Use Your TV’s Hidden “DIAL” Feature to Cast Netflix and YouTube Without a Chromecast

By Chris Hoffman on May 3rd, 2015

silly curved smart tv

Many modern smart TVs have support for the Chromecast-like DIAL protocol built in. You can cast videos to your TV from YouTube and Netflix — on your phone or computer — without getting a Chromecast.

This works both with the YouTube and Netflix websites on your computer and with the YouTube and Netflix mobile apps on a smartphone or tablet.

How DIAL Works

Google’s Chromecast originally used a protocol known as DIAL, for “Discovery And Launch.” This protocol was co-developed by Netflix and YouTube. It allows “client” devices (like your smartphone, tablet, or computer) to discover apps on “server” devices (like a smart TV or streaming box) and launch content on them.

Basically, this protocol allows the YouTube and Netflix smartphone apps and websites to talk to the YouTube and Netflix apps on your smart TV. You can then find videos on your smartphone or computer and start playing them on your TV. Your TV does need the associated apps installed — so, if you want to cast YouTube and Netflix, your TV will need to have YouTube and Netflix apps installed as well as system-level DIAL support for advertising those apps.

Google’s Chromecast eventually diverged from DIAL, and now uses a different technology. However, the Netflix and YouTube apps still have support for DIAL, and so does Google’s own Google Cast browser extension for Chrome. Many modern smart TVs support DIAL, too — in fact, one of our Sony smart TVs recently received a firmware update that added support for DIAL and made the TV appear as a casting target. Even the Roku has support for DIAL, making it possible to cast YouTube and Netflix to any TV with a Roku, just like you’d use a Chromecast.

How to Check For and Use DIAL

Unlike HDMI-CEC, DIAL shouldn’t be a hidden option in your smart TV’s menus. If it’s available on your device, it should just be enabled by default. Assuming your modern smart TV has built-in YouTube and Netflix apps, there’s a good chance the operating system is DIAL-enabled. If not, it may be enabled in the future with an automatic firmware update. And, if you’re a Roku user, your Roku is DIAL-enabled, too.

To use it, first make sure your smart TV is powered on. Next, open the YouTube app or Netflix app on your smartphone or tablet. Start playing a video and look for the “Cast” button — the same cast button Chromecast users use to start casting a device to their TV.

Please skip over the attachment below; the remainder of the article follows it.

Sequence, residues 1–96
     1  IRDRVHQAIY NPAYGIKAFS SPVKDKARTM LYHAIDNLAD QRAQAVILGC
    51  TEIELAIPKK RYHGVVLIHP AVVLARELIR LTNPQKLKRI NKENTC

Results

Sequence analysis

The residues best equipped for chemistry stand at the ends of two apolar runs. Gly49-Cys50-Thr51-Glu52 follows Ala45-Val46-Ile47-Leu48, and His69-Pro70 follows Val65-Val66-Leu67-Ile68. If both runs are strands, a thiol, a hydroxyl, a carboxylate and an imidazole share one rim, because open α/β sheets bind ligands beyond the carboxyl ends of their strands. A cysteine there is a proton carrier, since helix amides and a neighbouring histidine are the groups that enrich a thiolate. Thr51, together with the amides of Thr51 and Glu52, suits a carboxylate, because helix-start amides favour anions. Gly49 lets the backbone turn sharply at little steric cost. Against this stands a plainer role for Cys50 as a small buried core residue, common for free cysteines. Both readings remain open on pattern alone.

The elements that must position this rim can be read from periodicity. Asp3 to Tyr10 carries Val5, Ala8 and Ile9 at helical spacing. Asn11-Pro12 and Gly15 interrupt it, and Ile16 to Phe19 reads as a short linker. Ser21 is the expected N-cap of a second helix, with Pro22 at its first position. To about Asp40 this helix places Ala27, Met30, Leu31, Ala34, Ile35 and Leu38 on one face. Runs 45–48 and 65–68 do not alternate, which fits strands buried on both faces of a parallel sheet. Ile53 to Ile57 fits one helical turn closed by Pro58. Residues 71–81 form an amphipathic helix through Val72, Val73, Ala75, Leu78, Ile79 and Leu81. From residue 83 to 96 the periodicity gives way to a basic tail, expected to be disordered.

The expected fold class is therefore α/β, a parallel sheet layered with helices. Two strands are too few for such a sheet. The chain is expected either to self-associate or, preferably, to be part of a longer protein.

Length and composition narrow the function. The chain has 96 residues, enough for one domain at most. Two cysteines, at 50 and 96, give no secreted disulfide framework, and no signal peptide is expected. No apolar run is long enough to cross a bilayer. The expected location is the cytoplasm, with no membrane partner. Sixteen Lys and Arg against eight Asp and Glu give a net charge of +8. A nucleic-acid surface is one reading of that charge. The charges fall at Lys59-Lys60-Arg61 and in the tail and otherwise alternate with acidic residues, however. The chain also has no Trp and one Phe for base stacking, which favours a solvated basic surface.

If your TV (or another device, like a Blu-ray player or set-top box) is DIAL-enabled, you’ll see it in the list. Tap it in the list and the video you’re watching will be launched on your TV.

Don’t see your TV in the list here? Assuming it’s powered on and is on the same Wi-Fi network as your smartphone, tablet, or computer, it probably doesn’t have DIAL support.

On a computer, you use Google Chrome and install the Google Cast extension — yes, that’s the same extension Chromecast users use. Visit the Netflix or YouTube website and use the Cast button. You’ll see DIAL-enabled smart TVs appear in the list and you can launch videos on them in the same way.

Remember, this only works for YouTube and Netflix — and, theoretically, other DIAL-enabled apps that could be installed on your smart TV. The Google Cast extension still supports DIAL.

Only Netflix and YouTube

You’ll notice that we keep mentioning “Netflix and YouTube,” even though this is supposed to be a larger standard. The biggest limitation you’ll find here is that DIAL only really works for Netflix and YouTube. In theory, it can, and should, work for other apps, and there’s a whole DIAL website dedicated to explaining how it works and letting other apps implement it. In practice, we haven’t seen any other apps that actually support DIAL in the wild.

This isn’t too surprising, sadly — YouTube and Netflix created DIAL. Google was initially pushing it with the Chromecast, and it’s become a bit forgotten now that Google is pushing a different technology. The Chromecast has an entire ecosystem of apps that use Google Cast instead of DIAL.


Don’t have DIAL support? Your TV may get it one day in the future via a firmware update. Try checking your TV’s system menu and seeing if there are any available firmware updates.

The point of DIAL is to use those apps preinstalled on your smart TV in a smart way. It’s a shame few new apps are rolling out DIAL support, but it’s still useful for YouTube and Netflix — probably the most popular apps used on the Chromecast, anyway.

Image Credit: Karlis Dambrans on Flickr

Chris Hoffman is a technology writer and all-around computer geek. He's as at home using the Linux terminal as he is digging into the Windows registry. Connect with him on Google+.

  • Published 05/3/15
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